During Al-Mansurs time control of Al-Andalus was lost, and the Shiites revolted and were defeated a year at the Battle of Bakhamra, the Abbasids had depended heavily on the support of Persians in their overthrow of the Umayyads
The Afsharids were members of an Iranian dynasty which originated from the Turkic Afshar tribe in Irans north-eastern province of Khorasan, ruling Persia in the mid-eighteenth century. The dynasty was founded in 1736 by the brilliant military commander Nader Shah, after his death, most of his empire was divided between the Zands, Durranis and the Caucasian khanates, while Afsharid rule was confined to a small local state in Khorasan. Finally, the Afsharid dynasty was overthrown by Mohammad Khan Qajar in 1796, the dynasty was named after the Turcoman Afshar tribe from Khorasan in north-east Iran to which Nader belonged. The Afshars had originally migrated from Turkestan to Azerbaijan in the 13th century, Nader belonged to the Qereqlu branch of the Afshars. Nader Shah was born into a humble family from the Afshar tribe of Khorasan. His path to power began when the Ghilzai Mir Mahmud Hotaki overthrew the weakened and disintegrated Safavid shah Sultan Husayn in 1722, at the same time and Russian forces seized Iranian land.
By the 1724 Constantinople Treaty, they agreed to divide the areas between themselves. Nader fought to regain the lands lost to the Ottomans and Russians, while he was away in the east fighting the Ghilzais, Tahmasp allowed the Ottomans to retake territory in the west. Nader, had Tahmasp deposed in favour of his baby son Abbas III in 1732. Four years later, after he had recaptured most of the lost Persian lands and he subsequently made the Russians cede the taken territories taken in 1722–23 through the Treaty of Resht of 1732 and the Treaty of Ganja of 1735. He agreed and thus became a figure of national importance, when Nader discovered that Fath Ali Khan was in treacherous correspondence with Malek Mahmud and revealed this to the shah, Tahmasp executed him and made Nader the chief of his army instead. Nader subsequently took on the title Tahmasp Qoli, in late 1726, Nader recaptured Mashhad. Nader chose not to directly on Isfahan. First, in May 1729, he defeated the Abdali Afghans near Herat, many of the Abdali Afghans subsequently joined his army.
Ashraf fled and Nader finally entered Isfahan, handing it over to Tahmasp in December, the citizens rejoicing was cut short when Nader plundered them to pay his army. Tahmasp made Nader governor over many eastern provinces, including his native Khorasan, Nader pursued and defeated Ashraf, who was murdered by his own followers. In 1738 Nader Shah besieged and destroyed the last Hotaki seat of power at Kandahar and he built a new city near Kandahar, which he named Naderabad. At the same time, the Abdali Afghans rebelled and besieged Mashhad, forcing Nader to suspend his campaign and save his brother and it took Nader fourteen months to crush this uprising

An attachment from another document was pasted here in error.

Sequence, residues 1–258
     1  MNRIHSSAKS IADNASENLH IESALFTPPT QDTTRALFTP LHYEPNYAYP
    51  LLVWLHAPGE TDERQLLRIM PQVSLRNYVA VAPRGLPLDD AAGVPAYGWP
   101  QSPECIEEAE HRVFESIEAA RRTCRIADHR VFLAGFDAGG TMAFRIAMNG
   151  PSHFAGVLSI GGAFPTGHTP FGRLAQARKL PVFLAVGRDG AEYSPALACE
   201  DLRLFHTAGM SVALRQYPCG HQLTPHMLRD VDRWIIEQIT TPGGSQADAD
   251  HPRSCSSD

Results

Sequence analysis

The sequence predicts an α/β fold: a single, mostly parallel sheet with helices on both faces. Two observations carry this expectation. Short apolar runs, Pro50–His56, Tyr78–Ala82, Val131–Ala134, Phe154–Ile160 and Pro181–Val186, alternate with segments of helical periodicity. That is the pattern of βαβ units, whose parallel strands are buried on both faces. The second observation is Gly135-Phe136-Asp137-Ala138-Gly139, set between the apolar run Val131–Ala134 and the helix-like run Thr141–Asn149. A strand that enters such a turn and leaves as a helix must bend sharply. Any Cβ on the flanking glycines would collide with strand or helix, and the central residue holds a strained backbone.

Indus Valley Civilisation
The Indus Valley Civilisation was a Bronze Age civilisation mainly in the northwestern regions of South Asia, extending from what today is northeast Afghanistan to Pakistan and northwest India. Along with ancient Egypt and Mesopotamia it was one of three early civilisations of the Old World, and of the three, the most widespread, at its peak, the Indus Civilisation may have had a population of over five million. Inhabitants of the ancient Indus river valley developed new techniques in handicraft, the Indus cities are noted for their urban planning, baked brick houses, elaborate drainage systems, water supply systems, and clusters of large non-residential buildings. The discovery of Harappa, and soon afterwards, Mohenjo-Daro, was the culmination of work beginning in 1861 with the founding of the Archaeological Survey of India in the British Raj, excavation of Harappan sites has been ongoing since 1920, with important breakthroughs occurring as recently as 1999. This Harappan civilisation is called the Mature Harappan culture to distinguish it from the cultures immediately preceding and following it.
The early Harappan cultures were preceded by local Neolithic agricultural villages, as of 1999, over 1,056 cities and settlements had been found, of which 96 have been excavated, mainly in the general region of the Indus and Ghaggar-Hakra Rivers and their tributaries. Among the settlements were the urban centres of Harappa, Mohenjo-daro, Ganeriwala in Cholistan. The Harappan language is not directly attested and its affiliation is uncertain since the Indus script is still undeciphered, a relationship with the Dravidian or Elamo-Dravidian language family is favoured by a section of scholars. Recently, Indus sites have been discovered in Pakistans northwestern Frontier Province as well, other IVC colonies can be found in Afghanistan while smaller isolated colonies can be found as far away as Turkmenistan and in Maharashtra. The largest number of colonies are in the Punjab, Rajasthan, Indus Valley sites have been found most often on rivers, but on the ancient seacoast, for example, and on islands, for example, Dholavira.